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Reasons Why Inboard/Outboard Powerboats Sink
BoatU.S. Goes to the Insurance Claims Files for Answers

Posted Tuesday, January 9, 2007

 
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After publishing a recent study identifying the causes for accidental outboard
powerboat sinkings, Seaworthy, recreational boating's damage avoidance magazine, has
combed through the BoatU.S. insurance claims files to identify the reasons why
inboard/outboard (I/O) powerboats sink. Interestingly, while outboard powerboats are
similar in design to I/O's -- and often made by the same manufacturer -- the study
found vastly different reasons why each accidentally sinks.

Outboard powerboats tend to sink at the dock due to poor cockpit designs that trap
water, but an I/O's weakest link is the delicate connection between the inboard
engine and the outdrive unit, called bellows.

"The use of bellows or boots -- pleated, flexible rubber membranes -- that run
between the inboard engine and partially submerged outdrive to seal the transom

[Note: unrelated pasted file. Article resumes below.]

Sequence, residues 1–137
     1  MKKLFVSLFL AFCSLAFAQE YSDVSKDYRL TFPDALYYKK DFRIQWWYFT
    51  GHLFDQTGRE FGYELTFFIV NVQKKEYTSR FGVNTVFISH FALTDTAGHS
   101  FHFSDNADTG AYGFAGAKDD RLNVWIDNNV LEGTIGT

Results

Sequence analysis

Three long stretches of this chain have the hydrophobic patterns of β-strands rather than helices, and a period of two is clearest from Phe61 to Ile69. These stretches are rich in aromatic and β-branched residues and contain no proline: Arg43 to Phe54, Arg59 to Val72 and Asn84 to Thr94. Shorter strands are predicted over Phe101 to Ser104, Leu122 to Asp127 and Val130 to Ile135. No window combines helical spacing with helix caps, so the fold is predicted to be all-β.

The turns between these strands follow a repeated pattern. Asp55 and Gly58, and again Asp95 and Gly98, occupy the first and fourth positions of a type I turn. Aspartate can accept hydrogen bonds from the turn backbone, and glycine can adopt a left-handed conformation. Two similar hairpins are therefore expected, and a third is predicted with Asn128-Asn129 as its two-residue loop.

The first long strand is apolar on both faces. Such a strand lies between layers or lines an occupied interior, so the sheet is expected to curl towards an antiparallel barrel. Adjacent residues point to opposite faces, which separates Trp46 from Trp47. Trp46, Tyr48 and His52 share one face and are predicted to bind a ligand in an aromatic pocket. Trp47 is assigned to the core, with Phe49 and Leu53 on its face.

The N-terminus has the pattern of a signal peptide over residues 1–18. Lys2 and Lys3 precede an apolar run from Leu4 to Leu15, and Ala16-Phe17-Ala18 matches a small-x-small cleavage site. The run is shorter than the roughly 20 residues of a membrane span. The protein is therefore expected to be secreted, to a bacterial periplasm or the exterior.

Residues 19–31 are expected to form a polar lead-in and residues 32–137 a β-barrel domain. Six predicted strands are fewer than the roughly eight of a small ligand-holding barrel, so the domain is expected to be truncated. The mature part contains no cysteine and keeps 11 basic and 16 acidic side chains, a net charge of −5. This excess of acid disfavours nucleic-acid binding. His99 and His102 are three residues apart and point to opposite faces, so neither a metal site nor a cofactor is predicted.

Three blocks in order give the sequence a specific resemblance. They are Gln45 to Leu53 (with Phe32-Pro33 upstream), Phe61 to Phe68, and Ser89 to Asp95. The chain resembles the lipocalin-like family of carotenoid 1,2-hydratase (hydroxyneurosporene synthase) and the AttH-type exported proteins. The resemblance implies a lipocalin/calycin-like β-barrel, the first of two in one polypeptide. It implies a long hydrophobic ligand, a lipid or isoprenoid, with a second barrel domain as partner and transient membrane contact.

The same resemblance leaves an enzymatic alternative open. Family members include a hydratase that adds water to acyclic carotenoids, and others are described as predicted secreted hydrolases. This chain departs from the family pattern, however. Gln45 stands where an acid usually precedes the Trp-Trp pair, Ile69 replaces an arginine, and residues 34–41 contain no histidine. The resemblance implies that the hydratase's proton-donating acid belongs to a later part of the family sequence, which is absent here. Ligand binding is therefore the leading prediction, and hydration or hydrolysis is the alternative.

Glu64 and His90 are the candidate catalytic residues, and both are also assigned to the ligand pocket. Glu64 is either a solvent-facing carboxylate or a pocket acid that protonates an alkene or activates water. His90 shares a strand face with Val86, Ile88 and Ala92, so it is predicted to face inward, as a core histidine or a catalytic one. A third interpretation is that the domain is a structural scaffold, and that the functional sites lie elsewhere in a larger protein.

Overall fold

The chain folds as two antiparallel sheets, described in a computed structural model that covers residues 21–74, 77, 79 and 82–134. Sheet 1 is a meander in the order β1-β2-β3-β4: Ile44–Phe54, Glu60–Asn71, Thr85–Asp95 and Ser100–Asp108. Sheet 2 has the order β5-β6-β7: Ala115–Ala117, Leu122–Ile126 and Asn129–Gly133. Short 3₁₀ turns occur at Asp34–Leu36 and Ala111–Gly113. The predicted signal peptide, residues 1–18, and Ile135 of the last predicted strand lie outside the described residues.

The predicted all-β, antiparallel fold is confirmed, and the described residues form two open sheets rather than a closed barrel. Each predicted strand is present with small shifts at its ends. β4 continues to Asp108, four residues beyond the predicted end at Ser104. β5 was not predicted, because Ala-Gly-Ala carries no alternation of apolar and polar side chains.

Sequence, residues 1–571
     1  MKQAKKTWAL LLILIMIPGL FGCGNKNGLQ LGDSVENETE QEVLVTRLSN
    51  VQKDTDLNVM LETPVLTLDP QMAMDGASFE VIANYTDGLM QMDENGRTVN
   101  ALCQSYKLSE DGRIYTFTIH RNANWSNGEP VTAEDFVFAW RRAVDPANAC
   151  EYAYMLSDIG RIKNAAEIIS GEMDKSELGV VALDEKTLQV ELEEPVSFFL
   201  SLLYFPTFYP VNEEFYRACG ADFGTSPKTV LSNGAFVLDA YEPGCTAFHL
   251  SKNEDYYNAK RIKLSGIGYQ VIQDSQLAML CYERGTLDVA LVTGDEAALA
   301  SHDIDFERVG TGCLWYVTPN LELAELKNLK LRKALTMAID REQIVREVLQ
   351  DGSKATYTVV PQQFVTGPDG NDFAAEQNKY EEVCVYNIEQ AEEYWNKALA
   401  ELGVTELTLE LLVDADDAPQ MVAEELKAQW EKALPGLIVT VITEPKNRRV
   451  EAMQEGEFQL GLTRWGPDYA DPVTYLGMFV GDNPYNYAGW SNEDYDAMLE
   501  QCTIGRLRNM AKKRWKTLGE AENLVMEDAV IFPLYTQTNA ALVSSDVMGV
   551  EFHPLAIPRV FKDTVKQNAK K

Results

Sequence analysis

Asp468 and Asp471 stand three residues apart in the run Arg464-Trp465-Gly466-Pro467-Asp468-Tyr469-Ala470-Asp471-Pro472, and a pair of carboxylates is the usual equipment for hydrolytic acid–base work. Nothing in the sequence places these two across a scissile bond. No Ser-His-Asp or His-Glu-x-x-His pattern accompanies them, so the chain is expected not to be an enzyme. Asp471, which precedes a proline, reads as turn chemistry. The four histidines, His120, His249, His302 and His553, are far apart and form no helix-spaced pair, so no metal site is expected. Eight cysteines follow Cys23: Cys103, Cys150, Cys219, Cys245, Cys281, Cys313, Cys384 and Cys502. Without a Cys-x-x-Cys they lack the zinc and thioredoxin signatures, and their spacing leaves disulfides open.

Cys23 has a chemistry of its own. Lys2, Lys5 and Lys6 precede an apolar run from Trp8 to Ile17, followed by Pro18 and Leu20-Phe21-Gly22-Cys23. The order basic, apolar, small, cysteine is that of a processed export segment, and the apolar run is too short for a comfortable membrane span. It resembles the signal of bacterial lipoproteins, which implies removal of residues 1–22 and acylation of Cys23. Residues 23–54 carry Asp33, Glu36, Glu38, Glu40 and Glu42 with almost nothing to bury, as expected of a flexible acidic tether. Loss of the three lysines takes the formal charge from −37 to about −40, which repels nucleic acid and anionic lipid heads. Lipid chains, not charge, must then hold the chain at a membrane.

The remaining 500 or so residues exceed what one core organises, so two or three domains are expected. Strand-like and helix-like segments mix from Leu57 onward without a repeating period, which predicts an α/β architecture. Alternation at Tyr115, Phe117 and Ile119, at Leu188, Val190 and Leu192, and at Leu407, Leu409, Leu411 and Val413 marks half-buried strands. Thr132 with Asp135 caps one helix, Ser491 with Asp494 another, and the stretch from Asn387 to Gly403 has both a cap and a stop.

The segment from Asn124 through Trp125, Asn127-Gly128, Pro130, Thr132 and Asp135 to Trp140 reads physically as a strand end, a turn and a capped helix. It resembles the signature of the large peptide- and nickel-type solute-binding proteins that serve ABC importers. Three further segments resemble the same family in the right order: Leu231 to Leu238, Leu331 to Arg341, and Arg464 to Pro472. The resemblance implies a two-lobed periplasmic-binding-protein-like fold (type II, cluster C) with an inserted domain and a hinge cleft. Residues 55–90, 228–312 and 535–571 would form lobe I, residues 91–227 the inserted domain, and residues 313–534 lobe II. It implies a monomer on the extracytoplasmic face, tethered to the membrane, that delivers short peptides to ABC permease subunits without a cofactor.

where cables and shafts pass through have one weakness: a limited lifespan," said
Seaworthy Editor Bob Adriance. He says that bellows should be inspected annually --
and more often in hot, sunny climates. "Any bellows that is over five years old is
living on borrowed time," said Adriance.

He adds, "Many boats have more than one bellows (driveshaft, shift cable, exhaust,
etc.) any one of which has the potential to sink the boat. And if one shows wear,
they all should be replaced."

Here are the top reasons why I/O's sink:

At The Dock:
#1 (44%): Leaking bellows. A surprising number were attributed the small shift
cable bellows.
#2 (23%): Failed below waterline fittings, hose clamps, and melted hoses as a result
of overheating.
#3 (15%): Failed above waterline fittings. Heavy rains overwhelm cockpit scuppers.
#4 (11%): Poor docking arrangements: Boats or outdrives that snag on docks.
#5 (6%): Uninstalled drainplug.
#6 (1%): Miscellaneous such as a cracked engine block.

While Underway:
#1 (36%): Struck a submerged object such as rock or logs.
#2 (24%): Failed below waterline fittings.
#3 (20%): Leaking bellows.
#4 (12%): Swamping.
#5 (8%): Miscellaneous.

All BoatU.S. marine insurance policy holders get a free subscription to Seaworthy,
but subscriptions are also available for $10 a year (4 issues) by going to
BoatUS.com/seaworthy or by calling 800-262-8082, ext. 3276. If you'd like to get a
free insurance quote for your boat, go to http://www.BoatUS.com/Insurance or call
800-283-2883.

 
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